Design: everything for a reason
The McLaren MP4-12C design follows similar principles to McLaren’s Formula 1 cars, and the legendary McLaren F1, where everything is for a reason and all lines, surfaces, and details are designed with a job in mind as much as styled. This ensures that the 12C communicates its engineering through its styling and will remain timeless as a piece of automotive design.
Frank Stephenson, McLaren Automotive Design Director: “Many sports cars and super cars present an ‘in-your-face’, ‘look-at-me’ image that can become wearing and boorish; the ultimate backhanded compliment becomes, “…it was of its time”. Great design, however, is timeless and looks relevant years later. Take the McLaren F1 as an example. I hope that with the 12C we have produced a car that looks great today and will still look great in years to come.”
The 12C’s body has been styled to support sector-leading levels of downforce; downforce that then subsequently contributes to sector-leading levels of lateral grip and stability. Air flow has been manically managed to support all performance figures and light weight targets. For example, placing the radiators adjacent to the engine keeps the car narrow and reduces weight. However, this results in a huge challenge of ensuring ample air flow to the radiators. The result? The large side air scoops and integrated turning vanes that are dramatic, but purely functional. No larger or smaller than required.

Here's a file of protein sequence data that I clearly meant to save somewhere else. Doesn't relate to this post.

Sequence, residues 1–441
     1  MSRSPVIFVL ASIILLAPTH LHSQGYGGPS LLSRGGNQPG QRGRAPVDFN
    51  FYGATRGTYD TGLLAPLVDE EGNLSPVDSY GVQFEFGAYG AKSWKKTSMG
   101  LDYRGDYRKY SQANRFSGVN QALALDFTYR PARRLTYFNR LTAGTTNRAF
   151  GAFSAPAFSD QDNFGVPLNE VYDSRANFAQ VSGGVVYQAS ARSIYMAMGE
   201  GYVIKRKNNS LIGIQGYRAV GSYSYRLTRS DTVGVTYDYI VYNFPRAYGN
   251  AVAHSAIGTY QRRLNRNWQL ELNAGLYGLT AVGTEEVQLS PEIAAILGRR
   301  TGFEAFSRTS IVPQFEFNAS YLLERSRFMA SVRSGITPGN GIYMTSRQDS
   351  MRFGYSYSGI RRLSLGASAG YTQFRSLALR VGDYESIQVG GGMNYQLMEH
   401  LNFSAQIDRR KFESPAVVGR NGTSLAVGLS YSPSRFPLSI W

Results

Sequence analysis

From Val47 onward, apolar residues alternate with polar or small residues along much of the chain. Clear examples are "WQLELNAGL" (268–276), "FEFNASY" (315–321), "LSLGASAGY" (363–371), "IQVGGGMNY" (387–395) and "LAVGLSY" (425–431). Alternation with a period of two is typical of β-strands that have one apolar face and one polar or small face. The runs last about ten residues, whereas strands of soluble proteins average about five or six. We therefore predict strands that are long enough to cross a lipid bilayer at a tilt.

The designer’s challenge is to then take that styling purpose driven by engineering aspirations and add personality. That’s why the air scoops resemble the McLaren logo in form, as do other features around the car.
Just two ‘pure’ lines flow round the car and, when combined with the integration of several dramatic convex and concave surfaces, present a car that looks compact, low and well proportioned.
The market opportunity for McLaren
“I am confident that now is the right time for McLaren Automotive to become a full line high performance sports car manufacturer,” stated Ron Dennis.
“Worldwide demand for high performance cars is strong, in large part because of great cars from great competitors. With McLaren joining that list, it will grow stronger still. What we are offering is a new approach to the market, through a skilled, solid, debt-free and risk-managed company. McLaren is right to take this step now and support future growth of high-technology manufacturing and engineering jobs in the UK,” Dennis declared.